In 2005, at a ceremony held at the Point Alpha Memorial in central Germany, Mr. Kohl, who died in 2017, Mr. Bush and Mr. Gorbachev gathered to accept an award honoring the role they had played at a decisive time in history for Europe and the world at large. Sitting together on stage, Mr. Kohl needled the former American president about his response to Mrs. Thatcher’s biting remark that “two Germanys are better than one.”
“She didn’t let you get a word in edgewise, eh, George,” the former German chancellor joked, and the three erupted in laughter.
But in the tense months of 1989 and 1990, during the collapse of the communist system that had controlled Eastern Europe for decades, the situation was delicate and demanded a leader in Washington who understood that it was not the moment to declare victory — despite domestic criticism that his response had not been forceful enough.
“As the two blocs faltered and the decades-long confrontation began to break down, George H.W. Bush seized the courageous chance to end the Cold War,” Germany’s foreign minister, Heiko Maas, wrote on Twitter. “We mourn a great statesman and a friend of Germany.”
The former Polish president and leader of the Solidarity labor movement that helped to bring down communism in his country, Lech Walesa, posted a picture on Twitter of himself standing arm in arm with Mr. Bush, their hands raised in “V” signs of victory. He, too, thanked Mr. Bush for his role in ending the Cold War.
“He was the only one of the world leaders who at the time did much to bring down communism and help Poland,” Mr. Walesa said. “It will remain forever in the hearts and memory.”
President Emmanuel Macron of France expressed his condolences to Mr. Bush’s family in a message on Twitter, mourning a “great leader who strongly supported the alliance with Europe.”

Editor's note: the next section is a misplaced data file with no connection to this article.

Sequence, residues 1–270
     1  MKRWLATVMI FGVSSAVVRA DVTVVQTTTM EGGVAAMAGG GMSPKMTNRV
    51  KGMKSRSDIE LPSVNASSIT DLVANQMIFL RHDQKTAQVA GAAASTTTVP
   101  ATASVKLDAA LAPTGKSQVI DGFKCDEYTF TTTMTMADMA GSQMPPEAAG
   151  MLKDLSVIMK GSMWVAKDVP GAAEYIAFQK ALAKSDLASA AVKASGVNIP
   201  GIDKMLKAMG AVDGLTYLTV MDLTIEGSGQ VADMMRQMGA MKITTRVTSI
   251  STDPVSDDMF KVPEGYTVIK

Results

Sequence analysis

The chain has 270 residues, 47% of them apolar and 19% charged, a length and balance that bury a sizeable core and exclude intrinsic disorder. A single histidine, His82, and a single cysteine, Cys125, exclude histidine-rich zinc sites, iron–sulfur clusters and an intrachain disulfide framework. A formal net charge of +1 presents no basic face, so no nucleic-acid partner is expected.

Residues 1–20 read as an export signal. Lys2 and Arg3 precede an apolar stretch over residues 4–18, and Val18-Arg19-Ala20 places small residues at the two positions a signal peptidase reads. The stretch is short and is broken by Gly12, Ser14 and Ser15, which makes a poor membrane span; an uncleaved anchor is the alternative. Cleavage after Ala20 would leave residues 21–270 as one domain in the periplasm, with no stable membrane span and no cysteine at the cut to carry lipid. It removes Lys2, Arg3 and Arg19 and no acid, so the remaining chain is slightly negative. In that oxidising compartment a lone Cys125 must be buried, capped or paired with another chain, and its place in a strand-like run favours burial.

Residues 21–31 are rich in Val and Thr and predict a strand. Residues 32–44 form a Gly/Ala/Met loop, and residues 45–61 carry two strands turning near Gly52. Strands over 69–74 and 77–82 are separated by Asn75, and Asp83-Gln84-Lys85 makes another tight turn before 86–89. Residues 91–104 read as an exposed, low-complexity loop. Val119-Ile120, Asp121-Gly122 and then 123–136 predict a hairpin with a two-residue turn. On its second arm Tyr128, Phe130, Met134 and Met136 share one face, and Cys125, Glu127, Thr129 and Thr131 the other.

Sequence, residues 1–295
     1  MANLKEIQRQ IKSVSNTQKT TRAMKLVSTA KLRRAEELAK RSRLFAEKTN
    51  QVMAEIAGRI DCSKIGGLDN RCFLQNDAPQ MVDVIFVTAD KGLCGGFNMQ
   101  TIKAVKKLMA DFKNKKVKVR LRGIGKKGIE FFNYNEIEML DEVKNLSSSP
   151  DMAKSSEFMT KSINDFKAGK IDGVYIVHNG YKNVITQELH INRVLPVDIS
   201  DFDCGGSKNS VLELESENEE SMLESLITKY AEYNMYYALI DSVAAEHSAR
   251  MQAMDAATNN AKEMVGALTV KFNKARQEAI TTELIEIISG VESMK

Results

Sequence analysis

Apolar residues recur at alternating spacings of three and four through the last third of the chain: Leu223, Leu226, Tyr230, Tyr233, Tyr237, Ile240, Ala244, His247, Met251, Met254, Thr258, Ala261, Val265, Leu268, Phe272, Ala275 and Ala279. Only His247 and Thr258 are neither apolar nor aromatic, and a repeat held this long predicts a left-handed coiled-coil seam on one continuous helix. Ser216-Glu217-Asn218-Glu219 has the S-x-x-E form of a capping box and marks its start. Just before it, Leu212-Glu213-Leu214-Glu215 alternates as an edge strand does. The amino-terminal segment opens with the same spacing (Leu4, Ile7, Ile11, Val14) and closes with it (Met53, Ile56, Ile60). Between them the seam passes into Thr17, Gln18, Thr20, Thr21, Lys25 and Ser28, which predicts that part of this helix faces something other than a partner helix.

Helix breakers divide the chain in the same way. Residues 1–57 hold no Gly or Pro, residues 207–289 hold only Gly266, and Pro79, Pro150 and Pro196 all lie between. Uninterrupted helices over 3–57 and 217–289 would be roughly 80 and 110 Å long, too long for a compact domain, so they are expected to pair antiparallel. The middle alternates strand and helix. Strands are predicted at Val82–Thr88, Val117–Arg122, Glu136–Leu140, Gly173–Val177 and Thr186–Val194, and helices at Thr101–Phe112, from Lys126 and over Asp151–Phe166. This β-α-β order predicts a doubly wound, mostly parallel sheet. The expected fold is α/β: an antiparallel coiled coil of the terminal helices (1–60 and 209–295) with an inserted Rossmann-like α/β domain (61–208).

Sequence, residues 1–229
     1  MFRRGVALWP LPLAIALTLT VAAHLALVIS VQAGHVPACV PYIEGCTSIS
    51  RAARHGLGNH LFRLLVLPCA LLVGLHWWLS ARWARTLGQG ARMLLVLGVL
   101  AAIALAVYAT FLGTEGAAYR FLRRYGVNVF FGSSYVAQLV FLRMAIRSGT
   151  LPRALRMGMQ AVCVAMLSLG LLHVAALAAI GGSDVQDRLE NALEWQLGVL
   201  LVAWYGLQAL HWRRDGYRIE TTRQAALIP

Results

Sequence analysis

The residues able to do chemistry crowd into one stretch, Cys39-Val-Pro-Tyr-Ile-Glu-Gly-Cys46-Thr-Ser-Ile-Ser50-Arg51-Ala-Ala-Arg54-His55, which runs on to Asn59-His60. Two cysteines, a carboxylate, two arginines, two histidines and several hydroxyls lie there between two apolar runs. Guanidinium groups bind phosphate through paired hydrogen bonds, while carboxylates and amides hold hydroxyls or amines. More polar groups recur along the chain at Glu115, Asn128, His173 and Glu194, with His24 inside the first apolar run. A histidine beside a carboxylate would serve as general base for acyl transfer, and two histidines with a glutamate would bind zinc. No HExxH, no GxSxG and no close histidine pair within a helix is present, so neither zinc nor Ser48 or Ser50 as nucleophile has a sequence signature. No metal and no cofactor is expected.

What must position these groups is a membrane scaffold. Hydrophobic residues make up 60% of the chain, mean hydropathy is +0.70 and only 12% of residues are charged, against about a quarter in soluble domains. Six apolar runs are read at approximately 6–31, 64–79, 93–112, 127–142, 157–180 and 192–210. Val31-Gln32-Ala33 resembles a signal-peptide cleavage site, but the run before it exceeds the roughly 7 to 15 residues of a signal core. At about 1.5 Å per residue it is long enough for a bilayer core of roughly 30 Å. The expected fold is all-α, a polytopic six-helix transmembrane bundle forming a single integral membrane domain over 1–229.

President Vladimir V. Putin of Russia addressed his condolences directly to a son of Mr. Bush, former President George W. Bush, recalling his father as “an exceptional person who served his land for his whole life.” The elder Mr. Bush “showed political wisdom and foresight, strived to make balanced decisions even in the most challenging situations,” the Russian president said.
In the Middle East, Mr. Bush’s legacy was more nuanced, given his decision to end the war after 100 hours that pushed the Iraqi Army out of Kuwait but left Saddam Hussein in power.
Kuwait’s emir, Sheikh Sabah al-Ahmad al-Sabah, praised the “historic stands and support” that Mr. Bush showed to his country and “his pivotal role in forming an international coalition, mandated by the U.N. to liberate the state of Kuwait” after the invasion by Iraq in 1990, the Kuna news agency said.
The ruler of Dubai, in the United Arab Emirates, Sheikh Mohammed bin Rashid al-Maktoum, said Emiratis remembered him as a “firm ally and friend.”
John Major, who succeeded Mrs. Thatcher as prime minister of Britain in 1990, summed up the core of what many appreciated about Mr. Bush: He “saw America’s obligation to the world and honored it,” Mr. Major said.
“I feel privileged to have worked with him, and even more privileged that he became a lifelong friend,” Mr. Major told The Associated Press. “He was, quite simply, one of the most deep-down decent people I have ever known.”
Reporting was contributed by Sophia Kishkovsky from Moscow, Joanna Berendt from Warsaw, Declan Walsh from Cairo, Choe Sang-Hun from Seoul, Korea, and Palko Karasz from London.